Conventional wisdom, backed by years of research, suggests that healthy marriages equals a healthy society. And politicians and government officials have taken note, investing hundreds of millions of dollars each year in education programs designed to promote healthy marriages, focusing specifically on poor couples and couples of color. Is it working? No, says a Binghamton University researcher in a new study published in the current issue of American Psychologist, the flagship journal of the American Psychological Association. And it's because many of these programs were based on research data gathered from White and middle-class marriages, and when applied to poor couples or couples of color, just don't work.
"Initially, the rationale for these programs came from policy makers and scholars, who honed in on the association between unmarried parents and poverty that is plainly obvious in the data," said Matthew D. Johnson, associate professor of psychology at Binghamton University. "This association led George W. Bush to make the promotion of healthy marriages a central plank of his domestic policy agenda, resulting in the implementation of the Healthy Marriage Initiatives. Barack Obama endorsed these initiatives, both as presidential candidate and as president. Now that the data on the success of these programs has started to roll in, the results have been very disappointing."
According to Johnson, the problem lies in the fact that many of these programs lack grounding in solid science and are allowed to run unchecked. He cites research from two recent multisite studies as evidence that many of the federal programs that promote healthy marriage need to be suspended or at the very least, overhauled. One of these studies, which was focused on over 5,000 couples in eight cities, examined the benefits of interventions designed to improve the relationships of low-income, unmarried couples who were either pregnant or recently had their first child.
The results indicated that the interventions had no effect in six of the cities, small beneficial effects in one city, and small detrimental effects in another city. The results of the other outcome study focused on 5,395 low-income married couples and found that those who received the intervention experienced very small improvements in relationship satisfaction, communication, and psychological health but no significant changes in relationship dissolution or cooperative parenting. And to add to it, the interventions didn't come cheap, costing on average around $9,100 per couple.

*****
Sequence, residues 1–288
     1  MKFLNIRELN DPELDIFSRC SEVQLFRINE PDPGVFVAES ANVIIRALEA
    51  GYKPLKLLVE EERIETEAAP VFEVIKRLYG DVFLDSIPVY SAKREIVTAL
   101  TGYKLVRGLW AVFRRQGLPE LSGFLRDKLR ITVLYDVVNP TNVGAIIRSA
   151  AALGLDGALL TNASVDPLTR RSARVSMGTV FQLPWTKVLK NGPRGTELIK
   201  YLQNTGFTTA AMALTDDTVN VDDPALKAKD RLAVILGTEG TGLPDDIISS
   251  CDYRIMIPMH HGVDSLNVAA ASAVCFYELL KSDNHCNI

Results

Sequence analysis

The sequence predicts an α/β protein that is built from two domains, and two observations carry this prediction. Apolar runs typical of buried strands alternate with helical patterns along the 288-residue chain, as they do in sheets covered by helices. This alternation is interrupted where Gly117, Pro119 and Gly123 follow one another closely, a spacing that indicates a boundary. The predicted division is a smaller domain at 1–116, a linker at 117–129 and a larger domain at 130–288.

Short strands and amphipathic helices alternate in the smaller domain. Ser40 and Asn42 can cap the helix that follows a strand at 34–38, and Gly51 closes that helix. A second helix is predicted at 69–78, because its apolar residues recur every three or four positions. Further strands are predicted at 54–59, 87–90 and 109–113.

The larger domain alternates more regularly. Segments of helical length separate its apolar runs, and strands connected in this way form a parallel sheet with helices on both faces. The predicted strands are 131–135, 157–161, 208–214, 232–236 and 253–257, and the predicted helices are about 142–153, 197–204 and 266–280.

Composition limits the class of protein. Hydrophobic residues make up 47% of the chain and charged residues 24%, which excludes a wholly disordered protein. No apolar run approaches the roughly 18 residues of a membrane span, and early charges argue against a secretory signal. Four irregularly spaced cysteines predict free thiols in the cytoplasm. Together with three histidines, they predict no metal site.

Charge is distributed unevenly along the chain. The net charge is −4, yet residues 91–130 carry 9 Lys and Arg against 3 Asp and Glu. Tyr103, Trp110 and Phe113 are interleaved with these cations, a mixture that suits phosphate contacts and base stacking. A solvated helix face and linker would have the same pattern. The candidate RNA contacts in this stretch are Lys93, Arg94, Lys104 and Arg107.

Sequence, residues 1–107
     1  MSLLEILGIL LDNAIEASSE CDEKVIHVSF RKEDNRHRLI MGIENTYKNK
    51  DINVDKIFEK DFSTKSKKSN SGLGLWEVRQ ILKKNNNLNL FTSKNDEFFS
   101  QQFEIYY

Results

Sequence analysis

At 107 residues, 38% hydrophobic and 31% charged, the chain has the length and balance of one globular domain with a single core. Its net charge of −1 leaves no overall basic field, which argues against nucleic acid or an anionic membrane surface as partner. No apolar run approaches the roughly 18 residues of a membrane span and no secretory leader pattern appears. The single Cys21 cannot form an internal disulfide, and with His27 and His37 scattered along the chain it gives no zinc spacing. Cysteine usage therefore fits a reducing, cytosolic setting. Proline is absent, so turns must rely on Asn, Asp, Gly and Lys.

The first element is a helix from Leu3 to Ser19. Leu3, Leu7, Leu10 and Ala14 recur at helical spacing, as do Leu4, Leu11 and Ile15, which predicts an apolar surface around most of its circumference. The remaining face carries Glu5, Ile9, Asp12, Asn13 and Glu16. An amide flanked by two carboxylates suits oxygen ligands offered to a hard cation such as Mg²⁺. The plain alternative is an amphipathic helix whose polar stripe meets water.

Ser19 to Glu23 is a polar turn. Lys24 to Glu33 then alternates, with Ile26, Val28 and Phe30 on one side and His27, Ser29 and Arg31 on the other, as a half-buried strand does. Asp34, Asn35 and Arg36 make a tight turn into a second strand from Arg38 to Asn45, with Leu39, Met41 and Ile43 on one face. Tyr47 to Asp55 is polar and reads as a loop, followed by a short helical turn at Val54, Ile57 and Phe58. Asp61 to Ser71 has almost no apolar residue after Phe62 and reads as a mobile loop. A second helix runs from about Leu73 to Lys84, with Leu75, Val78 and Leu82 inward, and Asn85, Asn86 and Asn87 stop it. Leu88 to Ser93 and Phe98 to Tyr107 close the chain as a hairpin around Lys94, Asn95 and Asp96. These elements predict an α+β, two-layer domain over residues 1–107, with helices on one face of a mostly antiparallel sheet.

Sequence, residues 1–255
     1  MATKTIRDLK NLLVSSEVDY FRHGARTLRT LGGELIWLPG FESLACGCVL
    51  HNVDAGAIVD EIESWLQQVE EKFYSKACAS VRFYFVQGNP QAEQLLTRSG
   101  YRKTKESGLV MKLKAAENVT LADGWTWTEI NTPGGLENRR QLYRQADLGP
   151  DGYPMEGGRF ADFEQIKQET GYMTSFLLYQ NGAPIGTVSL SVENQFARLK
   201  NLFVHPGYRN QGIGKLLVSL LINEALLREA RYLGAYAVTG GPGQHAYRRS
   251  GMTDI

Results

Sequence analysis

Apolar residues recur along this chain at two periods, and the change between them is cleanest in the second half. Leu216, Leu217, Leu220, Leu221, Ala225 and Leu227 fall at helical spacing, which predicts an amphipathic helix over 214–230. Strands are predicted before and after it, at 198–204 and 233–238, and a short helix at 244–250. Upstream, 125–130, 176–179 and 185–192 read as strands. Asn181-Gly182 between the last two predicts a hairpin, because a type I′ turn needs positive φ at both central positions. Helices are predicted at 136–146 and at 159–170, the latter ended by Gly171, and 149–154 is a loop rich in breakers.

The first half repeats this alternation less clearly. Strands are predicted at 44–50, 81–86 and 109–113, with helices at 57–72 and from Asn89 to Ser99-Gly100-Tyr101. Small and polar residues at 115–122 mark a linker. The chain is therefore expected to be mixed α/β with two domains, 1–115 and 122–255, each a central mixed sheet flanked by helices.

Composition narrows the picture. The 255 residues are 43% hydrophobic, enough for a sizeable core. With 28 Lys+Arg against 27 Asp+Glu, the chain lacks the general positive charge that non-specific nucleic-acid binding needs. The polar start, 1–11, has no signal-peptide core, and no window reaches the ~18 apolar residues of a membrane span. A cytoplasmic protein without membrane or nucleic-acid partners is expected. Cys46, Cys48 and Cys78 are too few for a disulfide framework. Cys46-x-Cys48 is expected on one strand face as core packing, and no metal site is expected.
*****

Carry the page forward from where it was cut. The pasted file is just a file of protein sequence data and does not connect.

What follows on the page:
So why the disconnect between a seemingly good idea and disappointing program outcomes? Johnson says there are several possible explanations. The best of these programs the ones based on scientific findings were initially studied with middle-class couples while the federal initiatives target poor couples. And even if the research that formed the basis of these interventions does apply, relationship improvement just doesn't seem to be a priority for poor couples.
"There is evidence that suggests poor women want to be married and understand the benefits of healthy marriages," said Johnson. "But earning enough for basic household expenses, keeping their children safe and working with their children's overburdened schools are much more urgent concerns, making the idea of focusing on marriage seem self-indulgent if not irrelevant to many poor parents. When faced with a myriad of social issues, building intimate relationships is just not high on their priority lists."
Johnson explains that this doesn't mean the federal government shouldn't be funding intimate relationship research. Instead, the government needs to adopt a more multifaceted approach: focus on programs that will ease the stress of poor families and at the same time, fund more rigorous basic research.
"We just don't have solid predictors for relationship satisfaction for poor couple and couple of color, let alone whether the current marriage models apply," said Johnson.
He points to the National Institutes of Health as being the perfect place to coordinate and sponsor the research, noting "It has a long history of using scientific rigor in decision-making and it would certainly help in achieving the type of results that we're looking for from these initiatives."
Johnson also suggests that every community-based program funded by the Health Marriage Initiative should be required to gather standardized quantitative data in order to clearly demonstrate outcomes. And if the data shows programs aren't working, Johnson recommends that the federal government get tough and either defund or filter out those that do not demonstrate effectiveness.
"If we are going to continue these initiatives, let's at least make certain that we are assessing the effectiveness of the programs and learning from our mistakes," said Johnson. "Improving marriages is a worthy goal and one shared by Democrat and Republican administrations alike. The key now is to get that same bipartisan support for improving the research and programs that target poor couples. With the renewed focus on the federal budget, the timing is just right."
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